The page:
Learn how to navigate the Summer Opportunities Fair to overcome these stages of grief next year!

Now that March is upon us, deadlines for summer applications have either passed or are rapidly approaching, and many students already have jobs or travel plans lined up for the summer months. If you do not have any plans yet, you may soon experience, or perhaps already are experiencing the following five stages of grief:

1. Denial: “This can’t be happening”

This is the beginning of the grieving process. You convince yourself that the rejections you received were likely sent to the wrong person and if anyone asks, you do have a summer job. This is the point where you start working your blockmates and friends’ parents in a last-ditch effort to set something up for the summer. That is, unless one of your friends beat you to it.

2. Anger: “How does everyone else have internships?!”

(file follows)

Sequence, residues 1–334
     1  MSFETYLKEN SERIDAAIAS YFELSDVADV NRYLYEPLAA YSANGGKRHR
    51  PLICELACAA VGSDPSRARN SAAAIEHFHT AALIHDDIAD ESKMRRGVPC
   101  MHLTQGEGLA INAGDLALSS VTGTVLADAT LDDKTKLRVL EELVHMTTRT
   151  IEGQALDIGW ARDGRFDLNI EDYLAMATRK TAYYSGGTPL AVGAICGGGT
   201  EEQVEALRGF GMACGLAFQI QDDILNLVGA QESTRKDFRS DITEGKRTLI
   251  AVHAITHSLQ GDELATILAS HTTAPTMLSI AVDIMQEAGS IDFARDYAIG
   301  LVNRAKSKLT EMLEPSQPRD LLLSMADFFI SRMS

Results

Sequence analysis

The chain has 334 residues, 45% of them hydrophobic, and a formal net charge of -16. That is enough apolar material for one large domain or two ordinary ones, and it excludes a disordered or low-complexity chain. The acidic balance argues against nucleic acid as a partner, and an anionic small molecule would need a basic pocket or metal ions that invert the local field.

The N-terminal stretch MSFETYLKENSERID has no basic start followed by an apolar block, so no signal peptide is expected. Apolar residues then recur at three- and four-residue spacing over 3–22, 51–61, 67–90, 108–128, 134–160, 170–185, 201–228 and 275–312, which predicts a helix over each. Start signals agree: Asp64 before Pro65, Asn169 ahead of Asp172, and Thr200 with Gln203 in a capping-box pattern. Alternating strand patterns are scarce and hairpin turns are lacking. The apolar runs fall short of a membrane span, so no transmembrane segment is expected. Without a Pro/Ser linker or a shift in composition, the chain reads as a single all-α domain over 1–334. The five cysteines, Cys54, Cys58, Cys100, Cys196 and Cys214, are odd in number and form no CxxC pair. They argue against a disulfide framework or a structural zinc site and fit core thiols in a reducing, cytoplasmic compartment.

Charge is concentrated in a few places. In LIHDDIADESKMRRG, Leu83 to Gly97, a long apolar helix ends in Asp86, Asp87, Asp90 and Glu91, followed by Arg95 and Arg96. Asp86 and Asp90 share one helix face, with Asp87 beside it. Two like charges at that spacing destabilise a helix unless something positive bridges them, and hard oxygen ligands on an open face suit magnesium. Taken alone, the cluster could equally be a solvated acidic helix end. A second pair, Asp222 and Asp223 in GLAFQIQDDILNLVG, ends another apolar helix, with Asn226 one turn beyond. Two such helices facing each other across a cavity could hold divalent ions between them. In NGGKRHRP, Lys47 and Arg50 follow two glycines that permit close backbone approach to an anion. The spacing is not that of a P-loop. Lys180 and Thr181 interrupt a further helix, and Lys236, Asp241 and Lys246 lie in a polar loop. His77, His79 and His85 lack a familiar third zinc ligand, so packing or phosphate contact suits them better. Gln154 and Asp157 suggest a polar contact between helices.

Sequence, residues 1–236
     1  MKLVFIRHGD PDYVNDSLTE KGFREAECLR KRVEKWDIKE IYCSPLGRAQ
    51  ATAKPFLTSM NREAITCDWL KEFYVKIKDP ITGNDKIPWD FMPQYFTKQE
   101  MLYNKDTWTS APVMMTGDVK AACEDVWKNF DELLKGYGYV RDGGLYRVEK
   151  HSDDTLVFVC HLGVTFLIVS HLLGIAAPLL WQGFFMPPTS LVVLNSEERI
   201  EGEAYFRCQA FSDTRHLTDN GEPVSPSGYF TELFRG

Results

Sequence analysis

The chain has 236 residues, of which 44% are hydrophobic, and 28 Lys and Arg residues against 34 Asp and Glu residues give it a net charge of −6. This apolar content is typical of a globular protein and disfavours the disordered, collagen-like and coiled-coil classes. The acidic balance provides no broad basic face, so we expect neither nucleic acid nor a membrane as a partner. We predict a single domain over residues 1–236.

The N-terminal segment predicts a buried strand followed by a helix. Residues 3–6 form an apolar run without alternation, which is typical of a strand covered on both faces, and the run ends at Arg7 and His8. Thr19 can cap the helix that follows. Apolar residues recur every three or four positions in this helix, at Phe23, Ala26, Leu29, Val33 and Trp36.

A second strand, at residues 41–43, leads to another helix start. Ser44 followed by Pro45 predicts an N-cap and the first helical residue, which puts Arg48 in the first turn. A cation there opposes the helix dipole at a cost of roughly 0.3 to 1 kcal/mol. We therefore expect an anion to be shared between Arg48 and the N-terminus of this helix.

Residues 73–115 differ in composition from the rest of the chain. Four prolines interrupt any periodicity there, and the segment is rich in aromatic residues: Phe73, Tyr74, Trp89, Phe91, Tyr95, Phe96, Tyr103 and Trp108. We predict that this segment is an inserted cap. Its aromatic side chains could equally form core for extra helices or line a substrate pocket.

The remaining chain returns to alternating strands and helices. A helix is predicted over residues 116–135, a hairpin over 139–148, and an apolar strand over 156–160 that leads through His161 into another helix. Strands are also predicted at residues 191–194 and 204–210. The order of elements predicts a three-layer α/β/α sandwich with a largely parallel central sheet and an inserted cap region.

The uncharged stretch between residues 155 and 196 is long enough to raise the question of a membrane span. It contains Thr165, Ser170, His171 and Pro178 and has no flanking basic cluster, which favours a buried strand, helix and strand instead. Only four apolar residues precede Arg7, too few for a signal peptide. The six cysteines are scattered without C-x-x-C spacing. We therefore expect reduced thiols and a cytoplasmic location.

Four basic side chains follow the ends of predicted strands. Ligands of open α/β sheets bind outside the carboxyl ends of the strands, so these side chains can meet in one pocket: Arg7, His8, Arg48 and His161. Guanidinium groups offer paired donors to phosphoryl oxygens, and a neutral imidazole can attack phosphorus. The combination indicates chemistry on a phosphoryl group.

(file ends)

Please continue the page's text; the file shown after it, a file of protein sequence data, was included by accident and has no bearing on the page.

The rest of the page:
You have now progressed to the second stage. If anyone mentions their summer plans, you immediately throw a stink eye and hiss. You are furious that everyone seems to have their lives together, except you. If job applications were still done on paper, we’d recommend burning your personal copies. However, given most things are computerized now, maybe just go with that extra slice of cake and dinner and leave the laptop alone.

3. Bargaining: “I’ll trade you my dog for this job”

At this stage, you may start brainstorming a list of valuables potential employers might accept. These could include clothes, free SAT tutoring, a swipe to the second floor of Annenberg, or even your $250 Ec 10 textbook — autographed by Mankiw himself!

4. Depression: “My summer will be the worst”

Here, you enter a deep abyss of despair. To accompany a good cry, we recommend a tub of ice cream paired with a movie like “The Wolf of Wall Street” or “The Internship” to remind yourself of what you won’t be doing (and the money you won’t be making ) this summer.

5. Acceptance: “It’s okay: I wanted to do nothing anyway”

Congratulations, you have made it to the final stage. You have finally accepted the fact that you do not have summer plans and that is okay. You’ll always have next year — maybe start the process earlier next time around?